I was preparing a talk which included my result that there is a sane reduction 4-COL \le 3-COL (the paper is here) when I realized that if I am going to claim the reduction is

*by Gasarch*then I should find out and credit the person who proved 3-COL NP-complete (I assume that the result 3-COL \le 4-COL is too trivial to have an author). I could not find the ref on the web (I am sure that one can find it on the web, but a cursory glance did not yield it). The reference was not in Goldreich's complexity book, nor the CLR Algorithms book. I suspect its not in most recent books.

The reference is Stockmeyer, SIGACT NEWS 1973,

Few modern paper references Cook or Levin's original papers for the Cook-Levin Theorem. I've even heard thats a sign its a crank paper.

Few modern papers reference Ramsey's original paper for Ramsey's Theorem.

But the questions arises--- when is a result such common knowledge that a ref is no longer needed?

A result can also go through a phase where the reference is to a book that contains it, rather than the original paper.

On the one hand, one SHOULD ref the original so that people know who did it and what year it was from. On the other hand there has to be a limit to this or else we would all be refering to Euclid and Pythagoras.

Where does Stockmeyer's result fall? I do not know; however, I've noticed that I didn't reference him, and I will correct that.

Many times it happens the proof of a theorem commonly known is different from the first publisher and remains unacknowledged. What is your opinion on that? Should a text book or paper refer to the paper that give the proof included for illustrative purposes?

ReplyDeleteOn the one hand YES, refer to the original proof AND the common proof AND point this out. On the other hand there is a limit to how far back you want to go with this.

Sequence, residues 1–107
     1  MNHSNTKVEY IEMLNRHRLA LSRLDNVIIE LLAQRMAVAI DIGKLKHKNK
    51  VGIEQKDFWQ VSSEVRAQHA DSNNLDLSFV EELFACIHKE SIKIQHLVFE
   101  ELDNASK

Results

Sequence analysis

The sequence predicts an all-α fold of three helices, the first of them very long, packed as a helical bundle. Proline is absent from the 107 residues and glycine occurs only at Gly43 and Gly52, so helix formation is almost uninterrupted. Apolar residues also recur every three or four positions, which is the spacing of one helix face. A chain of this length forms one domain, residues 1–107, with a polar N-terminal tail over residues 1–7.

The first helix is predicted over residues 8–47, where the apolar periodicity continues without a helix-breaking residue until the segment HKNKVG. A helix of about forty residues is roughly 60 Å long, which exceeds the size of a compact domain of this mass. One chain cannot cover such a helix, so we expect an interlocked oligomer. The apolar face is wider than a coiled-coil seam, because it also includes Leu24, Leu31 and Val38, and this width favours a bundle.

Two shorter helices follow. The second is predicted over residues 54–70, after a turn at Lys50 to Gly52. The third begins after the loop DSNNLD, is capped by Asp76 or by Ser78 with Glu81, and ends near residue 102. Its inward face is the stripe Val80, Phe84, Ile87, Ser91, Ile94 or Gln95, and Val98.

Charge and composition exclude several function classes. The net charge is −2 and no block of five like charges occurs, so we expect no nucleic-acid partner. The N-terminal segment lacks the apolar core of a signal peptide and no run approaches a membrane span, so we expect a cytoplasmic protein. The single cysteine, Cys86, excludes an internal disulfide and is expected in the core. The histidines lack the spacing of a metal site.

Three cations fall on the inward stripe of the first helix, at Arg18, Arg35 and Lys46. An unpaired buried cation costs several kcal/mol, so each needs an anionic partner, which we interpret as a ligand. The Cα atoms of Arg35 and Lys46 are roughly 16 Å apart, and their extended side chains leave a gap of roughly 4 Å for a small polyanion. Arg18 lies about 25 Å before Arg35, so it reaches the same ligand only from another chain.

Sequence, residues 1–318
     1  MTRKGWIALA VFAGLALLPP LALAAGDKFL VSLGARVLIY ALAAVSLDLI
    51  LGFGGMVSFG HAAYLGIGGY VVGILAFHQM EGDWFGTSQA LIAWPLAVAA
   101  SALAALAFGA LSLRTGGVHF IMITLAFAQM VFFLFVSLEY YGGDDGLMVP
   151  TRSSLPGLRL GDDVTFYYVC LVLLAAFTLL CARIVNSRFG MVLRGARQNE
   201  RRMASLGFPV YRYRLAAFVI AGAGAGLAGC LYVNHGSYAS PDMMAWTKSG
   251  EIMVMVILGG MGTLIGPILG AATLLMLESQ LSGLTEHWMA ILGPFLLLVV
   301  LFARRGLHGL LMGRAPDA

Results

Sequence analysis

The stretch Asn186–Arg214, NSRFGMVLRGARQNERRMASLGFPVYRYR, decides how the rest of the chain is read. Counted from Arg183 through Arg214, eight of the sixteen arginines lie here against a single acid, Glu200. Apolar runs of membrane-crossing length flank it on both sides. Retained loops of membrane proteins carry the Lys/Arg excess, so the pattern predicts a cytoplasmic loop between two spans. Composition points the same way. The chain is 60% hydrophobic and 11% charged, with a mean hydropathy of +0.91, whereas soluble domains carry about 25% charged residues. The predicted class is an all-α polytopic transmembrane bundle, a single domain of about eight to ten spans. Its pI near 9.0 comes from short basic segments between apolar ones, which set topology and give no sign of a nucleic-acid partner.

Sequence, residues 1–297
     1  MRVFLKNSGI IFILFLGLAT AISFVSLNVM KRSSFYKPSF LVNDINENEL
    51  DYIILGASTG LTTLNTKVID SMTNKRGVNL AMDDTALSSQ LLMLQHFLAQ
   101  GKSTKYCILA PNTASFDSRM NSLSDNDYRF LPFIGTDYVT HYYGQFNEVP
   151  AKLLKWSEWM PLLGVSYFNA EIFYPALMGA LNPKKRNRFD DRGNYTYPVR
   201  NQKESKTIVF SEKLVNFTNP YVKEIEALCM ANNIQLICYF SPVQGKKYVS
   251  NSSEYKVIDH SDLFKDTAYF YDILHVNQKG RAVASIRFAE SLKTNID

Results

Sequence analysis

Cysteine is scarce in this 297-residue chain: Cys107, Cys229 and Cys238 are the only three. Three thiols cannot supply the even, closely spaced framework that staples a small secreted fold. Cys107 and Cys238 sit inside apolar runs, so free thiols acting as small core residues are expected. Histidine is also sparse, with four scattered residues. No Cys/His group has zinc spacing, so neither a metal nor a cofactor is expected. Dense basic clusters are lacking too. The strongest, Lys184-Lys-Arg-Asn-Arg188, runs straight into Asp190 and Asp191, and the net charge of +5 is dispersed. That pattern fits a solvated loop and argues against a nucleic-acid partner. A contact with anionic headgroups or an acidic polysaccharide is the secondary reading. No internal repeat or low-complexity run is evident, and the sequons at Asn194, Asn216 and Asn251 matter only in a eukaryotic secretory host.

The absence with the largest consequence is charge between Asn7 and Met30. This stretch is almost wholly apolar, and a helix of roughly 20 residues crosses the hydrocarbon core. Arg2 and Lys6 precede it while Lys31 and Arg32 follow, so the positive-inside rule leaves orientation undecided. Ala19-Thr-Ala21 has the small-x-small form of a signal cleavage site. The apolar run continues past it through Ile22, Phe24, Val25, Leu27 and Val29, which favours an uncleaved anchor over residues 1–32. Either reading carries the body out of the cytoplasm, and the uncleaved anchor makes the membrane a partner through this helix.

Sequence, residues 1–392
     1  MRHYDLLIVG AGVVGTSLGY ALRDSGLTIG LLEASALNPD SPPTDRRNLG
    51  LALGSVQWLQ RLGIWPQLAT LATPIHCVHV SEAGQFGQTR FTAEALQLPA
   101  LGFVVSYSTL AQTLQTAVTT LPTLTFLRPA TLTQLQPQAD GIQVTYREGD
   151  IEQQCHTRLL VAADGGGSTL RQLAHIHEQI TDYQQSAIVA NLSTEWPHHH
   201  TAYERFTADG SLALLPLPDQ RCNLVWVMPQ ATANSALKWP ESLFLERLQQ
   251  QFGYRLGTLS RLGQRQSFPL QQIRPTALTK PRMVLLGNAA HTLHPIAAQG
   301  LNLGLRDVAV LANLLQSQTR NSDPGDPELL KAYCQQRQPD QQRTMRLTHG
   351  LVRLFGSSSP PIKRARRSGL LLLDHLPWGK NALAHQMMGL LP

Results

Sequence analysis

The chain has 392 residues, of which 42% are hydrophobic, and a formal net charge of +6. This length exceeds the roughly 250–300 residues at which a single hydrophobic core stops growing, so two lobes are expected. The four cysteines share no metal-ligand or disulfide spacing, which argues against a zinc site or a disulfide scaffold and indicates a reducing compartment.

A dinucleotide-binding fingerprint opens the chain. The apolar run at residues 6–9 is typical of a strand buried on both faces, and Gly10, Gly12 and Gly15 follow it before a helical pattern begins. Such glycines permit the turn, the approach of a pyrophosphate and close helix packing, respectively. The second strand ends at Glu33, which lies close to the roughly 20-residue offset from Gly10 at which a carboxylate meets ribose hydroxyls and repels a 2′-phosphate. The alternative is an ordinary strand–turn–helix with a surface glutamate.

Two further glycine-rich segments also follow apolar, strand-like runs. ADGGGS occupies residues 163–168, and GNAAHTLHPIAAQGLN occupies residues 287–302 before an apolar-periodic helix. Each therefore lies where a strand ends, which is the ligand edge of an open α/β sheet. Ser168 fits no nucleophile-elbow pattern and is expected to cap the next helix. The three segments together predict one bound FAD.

ReplyDeleteI was under the impression that this was shown independently by Lovasz and Stockmeyer.

ReplyDeleteL. Lovasz. Coverings and colorings of hypergraphs. In Proc. 4th Southeastern Conference on Combinatorics, Graph Theory, and Computing, Utilitas Mathematica Publishing, Winnipeg, pages 3--12, 1973.

L. Stockmeyer. Planar 3-colorability is polynomial complete. ACM Sigact News, 5(3):19--25,1973.

THANKS, I have added the following refs to my paper (on arXiv)

DeleteKarp- who proved { (G,k) : G is k-col } NPC

Lovasz and Stockmeyer who showed COL_3 is NPC.

As the paper title above indicates, Stockmeyer actually showed

Planar 3-col NPC.

While these results are all well known and perhaps do not need

to be referenced (1) WHO did them is not that well known, and

(2) my paper was DIRECTLY on graph coloring and depended, contrasted, to prior work, so appropriate to give orig refs.

Is your reduction parsimonious? (weakly or strongly)

ReplyDeleteI Googled "Strong parsimonious reduction" and got nothing hence

Deletethis concept does not exist :-) Seriously, I think you mean

STRONG- if G has L 4-colorings then G' has L 3-colorings,

WEAK- if G has L 4-colorings then G' has f(L) 3-colorings

where f has some properties.

Anyway, I doubt my current reduction does, but I am sure it

can be modified to be weak pars.

People in physics still keep citing the AdS/CFT paper from 1997 (see number 1. here: https://inspirehep.net/info/hep/stats/topcites/2014/alltime.html) when it is incredibly well-known and now has over 10k citations. If you don't know Madelcena's paper and are working on AdS/CFT, it's like working on quantum mechanics and not knowing what role Bohr played. (not sure that's an exact analogy, as QM is experimentally observed!)

ReplyDeleteBut that's not the worst: in biology people still cite a paper from the 1950's that invented a standard technique (see http://www.nature.com/news/the-top-100-papers-1.16224), which all students would know and study. It's not like we have to cite Newton and Leibniz when we use calculus...